As curious as it is when we were kids, we always tend to look up in the sky then wonder if there’s a life other than us? Aliens as we call them and we’ve only braced our imagination through the movies, still, questions never answered.
The National Aeronautics and Space Administration or NASA keeps on looking at every angle in the universe in search for life.
Then year 2015, came a great discovery… They are calling it The Exoplanets.
NASA's Kepler space telescope celebrated its 1,000th exoplanet discovery earlier this month, an impressive milestone in the search for life on other worlds.
Just for a quick glance on what Exoplanet is, according to Wiki, an exoplanet or extrasolar planet is a planet that orbits a star other than the Sun, a stellar remnant, or a brown dwarf. Nearly 2000 exoplanets have been discovered (1931 planets in 1221 planetary systems including 484 multiple planetary systems as of 6 July 2015). There are also rogue planets, which do not orbit any star and which tend to be considered separately, especially if they are gas giants, in which case they are often counted, like WISE 0855−0714, as sub-brown dwarfs.
The discovery of exoplanets has intensified interest in the search for extraterrestrial life, particularly for those that orbit in the host star's habitable zone where it is possible for liquid water (and therefore life) to exist on the surface. The study of planetary habitability also considers a wide range of other factors in determining the suitability of a planet for hosting life.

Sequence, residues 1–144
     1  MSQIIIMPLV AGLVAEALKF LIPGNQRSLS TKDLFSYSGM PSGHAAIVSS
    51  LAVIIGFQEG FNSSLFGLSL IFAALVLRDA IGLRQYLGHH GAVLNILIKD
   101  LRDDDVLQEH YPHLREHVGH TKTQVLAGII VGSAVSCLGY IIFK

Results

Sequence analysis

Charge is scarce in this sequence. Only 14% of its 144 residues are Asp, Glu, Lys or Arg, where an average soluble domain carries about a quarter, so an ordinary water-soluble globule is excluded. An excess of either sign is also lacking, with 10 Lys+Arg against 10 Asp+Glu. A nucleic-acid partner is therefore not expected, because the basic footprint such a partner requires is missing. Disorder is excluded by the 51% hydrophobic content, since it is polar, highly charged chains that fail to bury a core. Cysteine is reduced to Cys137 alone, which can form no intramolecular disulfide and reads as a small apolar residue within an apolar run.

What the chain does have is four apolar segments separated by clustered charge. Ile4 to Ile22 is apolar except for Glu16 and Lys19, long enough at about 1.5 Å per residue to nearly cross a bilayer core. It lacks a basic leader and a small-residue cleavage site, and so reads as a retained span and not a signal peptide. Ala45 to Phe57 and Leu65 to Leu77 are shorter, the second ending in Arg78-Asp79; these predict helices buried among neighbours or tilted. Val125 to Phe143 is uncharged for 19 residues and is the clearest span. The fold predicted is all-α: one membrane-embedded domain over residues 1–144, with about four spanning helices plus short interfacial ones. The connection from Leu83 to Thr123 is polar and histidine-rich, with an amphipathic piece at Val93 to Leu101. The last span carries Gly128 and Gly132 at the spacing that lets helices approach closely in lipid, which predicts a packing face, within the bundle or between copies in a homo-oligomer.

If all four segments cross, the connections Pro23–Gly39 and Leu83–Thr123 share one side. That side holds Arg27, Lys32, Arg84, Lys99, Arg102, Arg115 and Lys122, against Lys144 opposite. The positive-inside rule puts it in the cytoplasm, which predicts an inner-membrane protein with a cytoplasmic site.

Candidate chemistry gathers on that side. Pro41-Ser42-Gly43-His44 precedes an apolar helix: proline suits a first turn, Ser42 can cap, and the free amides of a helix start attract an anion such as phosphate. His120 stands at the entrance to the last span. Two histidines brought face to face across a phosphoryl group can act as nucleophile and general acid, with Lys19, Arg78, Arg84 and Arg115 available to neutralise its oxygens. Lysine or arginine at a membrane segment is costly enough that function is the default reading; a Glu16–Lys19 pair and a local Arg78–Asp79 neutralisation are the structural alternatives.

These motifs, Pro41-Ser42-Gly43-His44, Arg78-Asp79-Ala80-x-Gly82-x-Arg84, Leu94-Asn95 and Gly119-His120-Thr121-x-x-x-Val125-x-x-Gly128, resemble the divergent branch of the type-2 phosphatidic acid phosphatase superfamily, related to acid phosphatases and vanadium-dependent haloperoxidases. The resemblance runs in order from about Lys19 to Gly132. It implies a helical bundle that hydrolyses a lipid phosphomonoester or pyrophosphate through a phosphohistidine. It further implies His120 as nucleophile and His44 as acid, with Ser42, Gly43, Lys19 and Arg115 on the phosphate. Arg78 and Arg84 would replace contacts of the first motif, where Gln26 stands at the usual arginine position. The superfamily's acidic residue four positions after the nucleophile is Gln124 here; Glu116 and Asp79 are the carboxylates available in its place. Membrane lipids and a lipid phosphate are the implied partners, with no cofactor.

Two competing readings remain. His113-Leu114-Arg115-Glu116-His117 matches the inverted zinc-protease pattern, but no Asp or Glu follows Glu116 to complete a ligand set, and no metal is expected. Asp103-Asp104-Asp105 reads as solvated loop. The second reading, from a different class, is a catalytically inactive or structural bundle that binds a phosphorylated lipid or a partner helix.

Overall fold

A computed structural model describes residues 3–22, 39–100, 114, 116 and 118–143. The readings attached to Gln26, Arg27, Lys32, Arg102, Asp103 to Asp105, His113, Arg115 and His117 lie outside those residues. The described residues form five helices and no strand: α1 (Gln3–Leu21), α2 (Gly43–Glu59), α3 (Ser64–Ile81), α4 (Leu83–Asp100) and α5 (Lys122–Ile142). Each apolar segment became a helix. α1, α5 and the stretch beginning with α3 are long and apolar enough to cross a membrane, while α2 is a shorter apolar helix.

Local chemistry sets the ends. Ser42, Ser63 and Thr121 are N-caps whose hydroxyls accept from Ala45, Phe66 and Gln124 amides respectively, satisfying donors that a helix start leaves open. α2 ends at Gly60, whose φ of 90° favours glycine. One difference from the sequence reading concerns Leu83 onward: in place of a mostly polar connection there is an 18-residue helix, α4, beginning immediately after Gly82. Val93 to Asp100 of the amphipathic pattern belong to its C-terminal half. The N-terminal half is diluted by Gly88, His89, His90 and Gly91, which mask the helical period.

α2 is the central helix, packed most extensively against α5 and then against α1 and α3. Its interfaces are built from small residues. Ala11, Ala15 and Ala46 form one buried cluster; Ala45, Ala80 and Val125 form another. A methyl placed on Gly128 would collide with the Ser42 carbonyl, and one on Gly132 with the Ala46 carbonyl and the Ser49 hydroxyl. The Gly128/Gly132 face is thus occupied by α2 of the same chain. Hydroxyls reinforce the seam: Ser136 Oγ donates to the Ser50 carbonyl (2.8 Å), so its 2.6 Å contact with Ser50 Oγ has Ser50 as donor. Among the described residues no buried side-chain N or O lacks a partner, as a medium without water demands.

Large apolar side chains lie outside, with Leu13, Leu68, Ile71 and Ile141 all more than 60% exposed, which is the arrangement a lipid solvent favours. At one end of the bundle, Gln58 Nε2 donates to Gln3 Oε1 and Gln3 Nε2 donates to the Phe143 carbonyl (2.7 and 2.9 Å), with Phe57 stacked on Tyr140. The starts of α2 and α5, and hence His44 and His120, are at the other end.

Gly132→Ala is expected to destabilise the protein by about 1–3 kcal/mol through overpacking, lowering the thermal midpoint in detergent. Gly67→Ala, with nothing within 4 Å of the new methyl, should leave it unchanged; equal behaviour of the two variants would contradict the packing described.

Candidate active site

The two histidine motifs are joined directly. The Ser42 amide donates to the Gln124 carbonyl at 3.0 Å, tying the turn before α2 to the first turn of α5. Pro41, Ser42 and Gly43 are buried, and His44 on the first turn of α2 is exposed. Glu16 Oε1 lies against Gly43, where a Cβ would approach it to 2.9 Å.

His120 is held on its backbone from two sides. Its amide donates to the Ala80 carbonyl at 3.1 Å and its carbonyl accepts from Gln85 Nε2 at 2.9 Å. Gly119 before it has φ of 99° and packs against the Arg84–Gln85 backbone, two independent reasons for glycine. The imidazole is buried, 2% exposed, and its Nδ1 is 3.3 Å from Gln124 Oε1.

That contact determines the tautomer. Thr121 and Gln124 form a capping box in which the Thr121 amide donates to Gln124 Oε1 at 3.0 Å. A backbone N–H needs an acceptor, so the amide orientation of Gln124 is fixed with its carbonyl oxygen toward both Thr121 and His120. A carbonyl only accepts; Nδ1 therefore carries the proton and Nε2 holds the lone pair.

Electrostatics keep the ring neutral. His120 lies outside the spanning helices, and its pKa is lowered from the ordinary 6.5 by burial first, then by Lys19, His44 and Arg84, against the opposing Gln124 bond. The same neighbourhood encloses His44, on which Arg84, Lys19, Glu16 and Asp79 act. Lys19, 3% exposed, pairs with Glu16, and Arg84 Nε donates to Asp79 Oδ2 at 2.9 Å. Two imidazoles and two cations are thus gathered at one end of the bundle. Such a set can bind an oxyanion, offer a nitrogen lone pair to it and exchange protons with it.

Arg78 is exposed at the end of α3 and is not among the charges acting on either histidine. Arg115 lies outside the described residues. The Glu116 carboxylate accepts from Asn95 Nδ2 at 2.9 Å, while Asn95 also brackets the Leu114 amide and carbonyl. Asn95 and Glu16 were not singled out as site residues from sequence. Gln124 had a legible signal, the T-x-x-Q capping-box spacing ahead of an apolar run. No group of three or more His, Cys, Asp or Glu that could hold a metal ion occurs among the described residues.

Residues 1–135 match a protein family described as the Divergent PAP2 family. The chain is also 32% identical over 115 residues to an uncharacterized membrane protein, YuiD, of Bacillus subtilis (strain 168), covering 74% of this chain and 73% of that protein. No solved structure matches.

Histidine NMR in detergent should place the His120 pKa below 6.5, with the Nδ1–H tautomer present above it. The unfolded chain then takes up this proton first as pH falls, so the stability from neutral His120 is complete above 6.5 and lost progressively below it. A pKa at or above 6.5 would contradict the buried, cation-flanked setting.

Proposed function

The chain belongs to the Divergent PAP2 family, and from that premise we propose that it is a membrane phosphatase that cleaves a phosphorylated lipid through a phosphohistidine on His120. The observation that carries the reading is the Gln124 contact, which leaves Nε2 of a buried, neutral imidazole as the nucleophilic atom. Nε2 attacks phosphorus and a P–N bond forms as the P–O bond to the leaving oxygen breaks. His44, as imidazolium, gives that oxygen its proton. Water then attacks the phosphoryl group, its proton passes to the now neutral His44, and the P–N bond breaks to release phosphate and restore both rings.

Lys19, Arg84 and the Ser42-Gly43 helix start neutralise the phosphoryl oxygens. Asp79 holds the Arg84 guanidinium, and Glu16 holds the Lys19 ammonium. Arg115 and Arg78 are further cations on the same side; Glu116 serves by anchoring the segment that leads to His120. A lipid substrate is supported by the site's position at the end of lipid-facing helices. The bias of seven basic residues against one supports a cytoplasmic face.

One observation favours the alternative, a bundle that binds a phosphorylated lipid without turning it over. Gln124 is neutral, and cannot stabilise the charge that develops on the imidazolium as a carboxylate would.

Any being can’t live without water. It’s essential for life. Now astronomers are homing in on those exoplanets that may have liquid water, which is thought to be essential for supporting life. And according to new research, so-called "super-Earths" may host vast oceans that last for billions of years.
A super-Earth is an extrasolar planet whose mass is greater than Earth's but smaller than that of gas giants like Neptune and Uranus.
Earth's mantle holds vast amounts of water, which returns to the surface through volcanism. Since this "recycling" process is crucial for maintaining our planet's oceans, researchers from the Harvard-Smithsonian Center For Astronomy (CfA) wondered if a similar process might occur on super-Earths.
To find out how long it would take oceans to form on various super-Earths, the researchers used computer simulations on them, and whether the oceans could be sustained.
Did they find anything? Super-Earths between two and four times Earth's mass seem to be even better than Earth at establishing and maintaining oceans. In fact, the research suggested that the water on these planets could last for at least 10 billion years. Imagine that!
According to Laura Schaefer, the finding may give astronomers one more thing to consider when figuring out which exoplanets are likeliest to harbor extraterrestrial life. Laura Schaefer is a CfA graduate student and the leader of the research effort.
"When people consider whether a planet is in the habitable zone, they think about its distance from the star and its temperature," Schaefer said at a press conference. "However, they should also think about oceans, and look at super-Earths to find a good sailing or surfing destination."
The findings were presented in Seattle Jan. 8 at the annual meeting of the American Astronomical Society.
Yes we have discovered that there’s water on Exoplanets, we even discovered water on some moons.
The question remains though, is there really life out there? Or we simply can live there sometime…